Data Serialization Formats to communicate between docker containers

1. Needs for better data serialization

Now I’m building web applications that are running on Docker containers. Each containers need to interact with the others. Then, which data format is the best to communicate among them?

Nowadays most of web APIs are using JSON with REST api under HTTP protocol. JSON and XML are readable for humans and it is big advantage of them. But when it comes to the data size, JSON and XML are not good.

So, this time, I’d like to consider another way of data serialization.

2. Data Serialization

Let’s check each of data serialization formats.

2.1 Protocol Buffers

Protocol Buffers is developed by Google, and it’s initially released on 2001. The data size is much smaller than JSON or XML. Many tech companies adopted Protocol Buffers. For example, Google, Square, Netflix, Docker and Cisco and so on.

Schema is intuitive

The schema file is called .proto file. You need to define interfaces in this file. The syntax is simple and intuitive, so it’s more understandable than JSON (JSON ).

After creating the .proto file, you can compile the .proto file and it automatically generate the interface codes. Now you can serialize the data using those codes. It’s so simple.

gRPC expands their scope to web browsers

Furthermore, gRPC is custom RPC protocol based on Protocol Buffers. This is also developed by Google and Google is using this gRPC at their enormous infrastructure. gRPC-web is also just released. It enables web browser to use gRPC with servers. I expect that the use of gRPC will grow more soon.

Links:

2.2 Apache Thrift

Thrift is an interface definition language and binary communication protocol used for defining and creating services for numerous languages. (by: wikipedia)

Thrift is developed by Facebook initially, and now it’s developed under Apache. facebook, Cassandra, Twitter and Evernote use Thrift.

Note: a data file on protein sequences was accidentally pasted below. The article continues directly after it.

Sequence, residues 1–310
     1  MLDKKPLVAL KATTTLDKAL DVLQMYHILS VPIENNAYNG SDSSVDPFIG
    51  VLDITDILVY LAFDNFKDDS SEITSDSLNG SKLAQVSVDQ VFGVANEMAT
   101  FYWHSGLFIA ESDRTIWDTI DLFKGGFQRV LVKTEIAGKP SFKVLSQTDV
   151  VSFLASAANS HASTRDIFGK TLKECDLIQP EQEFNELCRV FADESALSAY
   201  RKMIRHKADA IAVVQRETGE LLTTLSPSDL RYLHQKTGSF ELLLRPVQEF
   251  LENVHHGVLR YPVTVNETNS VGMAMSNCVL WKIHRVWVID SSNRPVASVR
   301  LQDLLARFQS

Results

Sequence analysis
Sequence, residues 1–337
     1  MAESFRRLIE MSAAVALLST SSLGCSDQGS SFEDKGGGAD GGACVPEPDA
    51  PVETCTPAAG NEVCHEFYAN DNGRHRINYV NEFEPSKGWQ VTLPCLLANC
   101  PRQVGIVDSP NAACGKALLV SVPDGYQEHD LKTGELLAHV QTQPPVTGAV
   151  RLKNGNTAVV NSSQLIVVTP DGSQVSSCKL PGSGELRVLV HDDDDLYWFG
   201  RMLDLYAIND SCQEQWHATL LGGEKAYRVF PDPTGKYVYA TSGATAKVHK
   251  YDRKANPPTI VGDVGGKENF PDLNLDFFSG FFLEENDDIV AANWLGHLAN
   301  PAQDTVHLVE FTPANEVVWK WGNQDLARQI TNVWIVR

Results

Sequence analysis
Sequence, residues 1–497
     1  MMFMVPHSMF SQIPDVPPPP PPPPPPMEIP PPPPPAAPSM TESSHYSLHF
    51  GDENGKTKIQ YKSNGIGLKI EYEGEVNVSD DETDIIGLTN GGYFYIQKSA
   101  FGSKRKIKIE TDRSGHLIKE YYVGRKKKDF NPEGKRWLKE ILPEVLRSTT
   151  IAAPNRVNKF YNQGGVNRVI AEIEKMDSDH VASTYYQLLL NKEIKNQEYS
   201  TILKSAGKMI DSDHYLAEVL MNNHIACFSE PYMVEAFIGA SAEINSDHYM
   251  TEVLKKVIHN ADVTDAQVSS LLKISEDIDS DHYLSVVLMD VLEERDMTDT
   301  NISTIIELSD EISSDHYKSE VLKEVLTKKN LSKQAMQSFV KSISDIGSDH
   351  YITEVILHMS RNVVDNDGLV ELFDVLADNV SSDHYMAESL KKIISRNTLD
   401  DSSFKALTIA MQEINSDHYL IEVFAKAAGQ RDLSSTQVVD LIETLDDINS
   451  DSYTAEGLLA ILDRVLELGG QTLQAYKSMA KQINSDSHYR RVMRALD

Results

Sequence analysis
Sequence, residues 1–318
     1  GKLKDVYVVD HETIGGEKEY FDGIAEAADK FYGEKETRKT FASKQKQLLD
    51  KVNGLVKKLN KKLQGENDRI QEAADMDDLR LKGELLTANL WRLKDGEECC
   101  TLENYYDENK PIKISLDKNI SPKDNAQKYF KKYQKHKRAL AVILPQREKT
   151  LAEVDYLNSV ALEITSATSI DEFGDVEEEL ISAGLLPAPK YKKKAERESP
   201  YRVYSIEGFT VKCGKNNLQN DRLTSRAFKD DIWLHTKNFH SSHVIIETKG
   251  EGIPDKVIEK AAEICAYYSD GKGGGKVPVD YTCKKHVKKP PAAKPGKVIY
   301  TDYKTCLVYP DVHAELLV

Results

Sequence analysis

With Thrift, it defines schema using IDL (Interface Definition Language) just same as Protocol Buffers.

Also the performance is good. You can refer to some articles:

2.3 MessagePack

MessagePack is a computer data interchange format. It is a binary form for representing simple data structures like arrays and associative arrays. (by: wikipedia)

The data of MessagePack looks similar to JSON, but fast and small. It’s really easy to use and many languages supports.

redis, fluentd, Treasure Data, Pinterest are using this Messagepack to their data serialization.

Links:

2.4 FlatBuffers

FlatBuffers is a free software library implementing a serialization format similar to Protocol Buffers, (by: wikipedia)

This FlatBuffers is also developed by Google and released on 2014.

From some websites, the performance of FlatBuffers are better than the others. But as far as I know, the development using FlatBuffers requires more work to implement. So it maybe suitable when you need to handle quite large sized objects.

Links:

3. Summary

For now, I would choose Protocol Buffers with gRPC.

It’s because many tech companies start to use Protocol Buffers and gRPC, and the documentations and examples are more plentiful than the others. The performance is good enough. The schema of Protocol Buffers is very intuitive so that it makes easier to figure out the interface. The newly released gRPC-web also boosts my decision because it will expand its usecases more in web browsers and front-end.

If I found any difficulties to implement Protocol Buffers, I’ll share it here👍

by @takp